The theological basis has to do with a rejection of mysticism. Not all, but many of the social justice people I knew denied that a Holy Ghost divine presence guides the world. The emphasis was on the moral capacity of humanity. What divides humanity from the rest of the animal kingdom is its ability to be moral, to rule the world in such a way that goodness can preside, and evil can be extinguished. It is assumed that this morality would be the responsibility of each individual man, but morality can be imposed. This is also where modern critics bash social justice. It has the all the characteristics of collectivism. When many conservatives think of social justice, they think of the communist Mao Tse Tung ordering millions of Chinese to ride bicycles. This is true when justice is used to create “equality.”

The argument against this is obvious. Without social protest even to the point of war, would slavery have ever been abolished? Will any society face its injustices unless it is forced to do so? Gross injustice exists in most cases because it is in the interest of the rulers to allow it to exist. Leaders are complacent with their power if citizens allow them to wield power as they wish. In my lifetime this confrontation against the powers that be were fully present in the March on Washington in 1963 and the Democratic convention in Chicago in 1968. Americans actually saw its citizens so alienated from its government that it felt no recourse but to take to the streets in organized, sometimes violent protest.

I fully understand why social justice is not trusted. Socialism in the name of God is still socialism. However, there are moments in time when there are individuals who cannot ignore the structural inequality of a given society. It is important for the citizens of a nation to take the time to distinguish whether God would believe the things the social justice advocates are saying, or whether these advocates are on the wrong side. It is a fact of life that when you hear a spiritual voice, you need to be able to discern whether it is from heaven or hell.

I was not kidding about the enormous complexity of Christian theology concerning this issue. It has to do with Biblical interpretation and social history. I hope I have given at least a small amount of guidance on this issue in a clear fashion.  Before taking my leave, however, perhaps a relevant anecdote is in order:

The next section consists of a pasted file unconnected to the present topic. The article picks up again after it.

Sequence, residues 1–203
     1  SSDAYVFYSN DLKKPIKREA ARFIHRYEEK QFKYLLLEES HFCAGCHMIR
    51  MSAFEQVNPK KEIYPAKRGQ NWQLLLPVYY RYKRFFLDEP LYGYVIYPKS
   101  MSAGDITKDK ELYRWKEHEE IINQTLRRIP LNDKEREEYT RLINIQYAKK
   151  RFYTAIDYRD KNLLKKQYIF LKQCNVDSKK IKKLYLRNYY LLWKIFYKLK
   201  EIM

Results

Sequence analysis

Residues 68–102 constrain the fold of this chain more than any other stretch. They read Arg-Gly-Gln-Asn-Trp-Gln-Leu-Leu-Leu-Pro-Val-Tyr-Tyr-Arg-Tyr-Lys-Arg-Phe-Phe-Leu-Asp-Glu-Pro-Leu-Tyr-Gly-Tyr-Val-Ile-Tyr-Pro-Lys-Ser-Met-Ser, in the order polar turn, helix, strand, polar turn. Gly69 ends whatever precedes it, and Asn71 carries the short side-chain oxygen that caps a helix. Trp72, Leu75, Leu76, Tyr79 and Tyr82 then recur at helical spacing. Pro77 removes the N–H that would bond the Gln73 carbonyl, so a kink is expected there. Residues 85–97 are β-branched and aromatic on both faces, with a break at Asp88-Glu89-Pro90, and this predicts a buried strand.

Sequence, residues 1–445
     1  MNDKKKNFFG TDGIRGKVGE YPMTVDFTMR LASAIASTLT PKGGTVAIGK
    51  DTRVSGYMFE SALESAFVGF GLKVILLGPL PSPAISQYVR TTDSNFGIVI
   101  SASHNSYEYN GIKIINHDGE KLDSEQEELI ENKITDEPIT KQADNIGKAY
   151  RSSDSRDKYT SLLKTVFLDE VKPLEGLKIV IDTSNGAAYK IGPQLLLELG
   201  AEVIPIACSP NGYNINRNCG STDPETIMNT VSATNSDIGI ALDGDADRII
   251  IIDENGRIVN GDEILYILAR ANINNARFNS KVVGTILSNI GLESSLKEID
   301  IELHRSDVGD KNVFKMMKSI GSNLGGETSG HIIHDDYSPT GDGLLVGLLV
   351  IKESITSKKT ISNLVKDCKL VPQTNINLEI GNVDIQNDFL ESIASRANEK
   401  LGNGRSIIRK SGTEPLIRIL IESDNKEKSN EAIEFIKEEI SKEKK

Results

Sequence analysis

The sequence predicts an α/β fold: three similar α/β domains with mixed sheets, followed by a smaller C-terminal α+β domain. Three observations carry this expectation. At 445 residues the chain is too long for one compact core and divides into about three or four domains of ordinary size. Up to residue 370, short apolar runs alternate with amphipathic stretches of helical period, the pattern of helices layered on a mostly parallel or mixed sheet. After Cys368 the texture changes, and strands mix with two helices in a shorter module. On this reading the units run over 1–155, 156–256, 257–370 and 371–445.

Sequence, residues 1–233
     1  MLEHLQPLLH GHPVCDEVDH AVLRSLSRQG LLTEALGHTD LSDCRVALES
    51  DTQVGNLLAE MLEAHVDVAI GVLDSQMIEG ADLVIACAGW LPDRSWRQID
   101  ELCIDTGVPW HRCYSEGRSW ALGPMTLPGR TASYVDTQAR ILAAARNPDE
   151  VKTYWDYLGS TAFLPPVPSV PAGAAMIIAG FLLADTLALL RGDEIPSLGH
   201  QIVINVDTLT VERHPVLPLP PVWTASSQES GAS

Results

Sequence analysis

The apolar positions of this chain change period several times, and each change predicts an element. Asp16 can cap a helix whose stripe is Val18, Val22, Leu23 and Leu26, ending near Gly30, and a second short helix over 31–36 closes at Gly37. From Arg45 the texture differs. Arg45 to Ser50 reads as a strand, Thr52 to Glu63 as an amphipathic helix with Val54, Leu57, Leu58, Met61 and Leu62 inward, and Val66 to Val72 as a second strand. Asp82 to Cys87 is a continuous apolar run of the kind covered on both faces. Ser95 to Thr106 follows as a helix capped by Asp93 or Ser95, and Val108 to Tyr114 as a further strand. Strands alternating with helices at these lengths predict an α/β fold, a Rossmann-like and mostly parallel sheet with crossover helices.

A doctor said he attended a meeting at one of the hospitals in which he worked, a meeting in which the moderator wanted to talk about God and God’s relationship to caring for the sick. The moderator asked the nurses and doctors present to define God. He recalled that the American doctors and nurses said over and over again that God is love, that God is compassion, that God wants us to help and to heal.  One man, however, sitting in the last desk toward the back of the room, had another opinion.

“God,” he said, “is vengeance.”

People were shocked.

“Why would you say that?” the moderator asked.

“Because,” he said, “If God loves everyone without judgment, that love is meaningless.”

The doctor said the man was absolutely correct. Do you agree?

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Comments

  1. Michael Pigg says:

    Ronald,

    I would say God is both love and just. He takes vengeance but is not “vengeance”.

  2. TNelson says:

    Bravo Ronald, bravo! Very well done. Thank you.

  3. Gail B. says:

    That’s deep, Ronald, but it makes us think.

    No, I do not agree with the man at the back of the room who declared, “God is vengeance.”

    “For God so loved the world that he gave his only begotten Son, that whosoever believeth in him should not perish, but have everlasting life. For God sent not his Son to condemn the world; but that the world through him might be saved.” John 3:16-17

    And, where is the justice when a government seeks to control its citizenry as much as possible? This regime is attempting to make slaves of every one of us.

  4. Robert Wallace says:

    Ronald-

    I really appreciate your thoughtful article, but I’ve got to chime in with a couple of dissenting comments.

    “If there is anything in the world that capitalism finds nauseating on any given day, it is love. Love and business do not mix.”

    We have to be clear about something here. It’s a lot easier to denigrate “capitalism” then to denigrate “liberty”, but capitalism is in fact nothing but liberty. Capitalism is just as vital to the principles of this American nation as religious freedom. They are both parts of human liberty.

    This human liberty is not an earthly invention. It’s not something that derives from kings, or from governments, or from the will of the people. Liberty is God’s gift to humanity so that we could choose this day whom we would serve. As for me and my house, we will serve the Lord. We *choose* to do so.

    You could easily say that the gift of liberty is God’s most expensive gift. It cost Him His Son’s life. Jesus Christ didn’t have to die. If God had not given us liberty none of us could have chosen to sin and there would be no need for Christ to die. But God so loved us that he gave us both liberty and the life of His Son so that we would not drown in our own sins.

    I agree that in the past there have been two aspects of Christianity: God’s Kingdom to come and God’s Kingdom here. But there’s no reason not to believe in both, and that’s what I believe. More importantly, however, we cannot excuse attacks on liberty because we think that if only we try to take away God’s most precious gift that somehow the world will be a better place.